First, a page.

Writing is not a charity; it is not a free service. It can be difficult, solitary, time-consuming work in order to do it with any level of competence. Why does it continue to be treated as something anyone can do at the drop of a hat?

Sorry for the rant - I have a bad headache, and this thread sticks in my craw.

This guy needs to be shut down.

12-10-2004, 07:10 AM
Sure, they have happy authors - and they say one of the benefits of writing for them is that you get your very own author profile on their website. I could actually find a section of author profiles to read about these happy authors but, you know, that doesn't mean they don't exist :rolleyes

What a joke.

Wailing Bainsidhe
12-10-2004, 02:28 PM
Jenna, I am a webmaster for a law firm, and our attorneys often write articles for various publications, legally oriented and not, and my understanding is that they are not paid for the articles and often sign away all rights. One of them forwarded his contract because he didn't understand whether it allowed him to republish the article on our Web site. (I often find myself in the interesting position of explaining copyright law to attorneys!) The publisher did indeed take all rights and offer no payment. Of course, they get the "payment" of having a publication credit on their resume, which is important if they are associates on the partnership track and when partners with no book have to justify their status as partner. They are not in the same situation as a freelance writer trying to earn a living from the article. My point is that ZATZ is not alone.


12-10-2004, 04:08 PM
The underlying issue, though, is that they take the copyright without PAYING the author, then turn around and sell them for profits for themselves, without giving credit (since they now own the copyright). The author won't even get a byline, I think. All they get is an author's page? It's like working at McDonald's for free.

Kate St Amour
12-10-2004, 07:53 PM
I have been freelancing for less than a year; doing what I can to build up my resume. While I do write gratis for a local (DC) non-profit magazine with a massive distribution, one thing I have not done is signed away my rights without appropriate payment! I hesitate to even submit to anyplace that wants exclusive rights and doesn't pay over $150 (which when you think about losing your rights, isn't even enough). Shame on Zatz!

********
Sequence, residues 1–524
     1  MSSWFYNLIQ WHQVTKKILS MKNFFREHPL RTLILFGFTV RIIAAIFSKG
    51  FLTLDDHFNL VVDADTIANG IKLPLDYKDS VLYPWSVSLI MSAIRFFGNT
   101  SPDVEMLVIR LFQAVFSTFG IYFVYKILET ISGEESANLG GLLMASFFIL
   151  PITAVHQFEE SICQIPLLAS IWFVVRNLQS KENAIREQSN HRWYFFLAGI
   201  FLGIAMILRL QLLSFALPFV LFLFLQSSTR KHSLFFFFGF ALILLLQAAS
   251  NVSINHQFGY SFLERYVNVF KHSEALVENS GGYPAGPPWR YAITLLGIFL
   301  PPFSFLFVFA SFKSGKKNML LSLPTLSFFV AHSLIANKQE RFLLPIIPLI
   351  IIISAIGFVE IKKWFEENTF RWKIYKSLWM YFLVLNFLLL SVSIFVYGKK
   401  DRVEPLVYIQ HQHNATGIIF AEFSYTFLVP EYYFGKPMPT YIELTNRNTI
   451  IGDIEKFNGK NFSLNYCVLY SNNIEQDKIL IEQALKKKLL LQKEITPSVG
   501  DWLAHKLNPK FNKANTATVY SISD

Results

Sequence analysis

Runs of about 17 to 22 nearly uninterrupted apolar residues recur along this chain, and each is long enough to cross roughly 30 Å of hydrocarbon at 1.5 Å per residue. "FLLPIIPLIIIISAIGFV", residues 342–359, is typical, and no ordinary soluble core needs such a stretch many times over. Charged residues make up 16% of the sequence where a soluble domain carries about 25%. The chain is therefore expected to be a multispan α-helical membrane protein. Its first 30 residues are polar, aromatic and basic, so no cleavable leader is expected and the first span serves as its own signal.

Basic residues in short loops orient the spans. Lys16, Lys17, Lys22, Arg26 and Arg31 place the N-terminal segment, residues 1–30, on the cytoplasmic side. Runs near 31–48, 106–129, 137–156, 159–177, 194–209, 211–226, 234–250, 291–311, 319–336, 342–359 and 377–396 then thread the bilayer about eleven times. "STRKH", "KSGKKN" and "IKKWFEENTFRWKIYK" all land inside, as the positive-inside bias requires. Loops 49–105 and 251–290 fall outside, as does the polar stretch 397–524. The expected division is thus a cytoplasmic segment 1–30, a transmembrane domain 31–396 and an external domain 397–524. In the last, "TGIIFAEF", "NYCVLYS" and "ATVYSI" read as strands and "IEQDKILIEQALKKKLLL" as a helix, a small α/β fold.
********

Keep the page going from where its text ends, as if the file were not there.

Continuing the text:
12-10-2004, 08:14 PM
Like I said, I'd be interested in seeing a sample contract from this place.

Years ago a writer (or artist) could sign away all their rights to a piece by putting their signature on a simple acceptance form ("by signing this document you acknowledge Sleazebag Inc. holds forever and a day all rights to the WORK") or by endorsing a check.

But now, Sleazebag Inc. must provide a seperate document that specifically spells out what rights the contributer is signing away, particularly if there's no due consideration, i.e., giving the rights away gratis.

It's possible Spazz or Zatz does this...or it's possible they just give the impression of that to the neophytes when they sign their agreement.

If the latter, I have serious doubts regarding the legality of such a contract.

12-10-2004, 09:30 PM
Yeah, I thought as much.

Just to make sure my memory of such procedures was still intact from my tenure as an editor at a publishing company which always used freelance talent, I checked on the net.

Here's the definition I found:

<1 Copyright Transfer Forms. To convey publication rights to copyrighted materials, a copyright holder will enter into a contract, license, or some other type of publishing agreement. Most publishers supply a transfer form on which authors can enter their transfer permission.

Most transfer forms also list those rights retained by the author. These normally include proprietary rights other than copyright, such as patent rights; the right to use the article in future works, such as reprint volumes and abstract journals; and the right to approve or disapprove requests by other authors to use figures, tables, excerpts, or the whole piece. >

Even a limited transfer of copyright requires a seperate agreement/form.

So if Zatz isn't supplying either specific form for the contributers to sign, then it doesn't matter what language is used in the permission to publish agreement.

Their claim to copyright wouldn't be binding.

12-10-2004, 11:38 PM
Eraser, I am indeed thinking of setting up a Wall of Shame. My idea is to send out "tickets" first... citations for bad treatment of writers. Tickets would have a comment to let them know if the problem hasn't been corrected in 1 week, they'll be listed on our Wall of Shame.

All, feel free to write to this guy. He quit sniping at me when I informed him that I would own the copyright to everything else he wrote to me. ;)

ZATZ Publishing Response
12-13-2004, 09:57 AM
Copyright to the following hereby granted to Jenna Glatzer, the operator of this discussion board.


I'm David Gewirtz and if you read this discussion thread, I'm possibly the most abusive publisher in the world.

Maestrowork thinks I'm a fraud, a scam, a con, and possibly a criminal. I've never met Maestrowork, but I suspect he or she is welcome to her or his opinion. By the way, Maestrowork, all our authors get bylines. Also, fraud generally implies an intent to mislead, and as you've all noticed, our policies are very visible and far from misleading.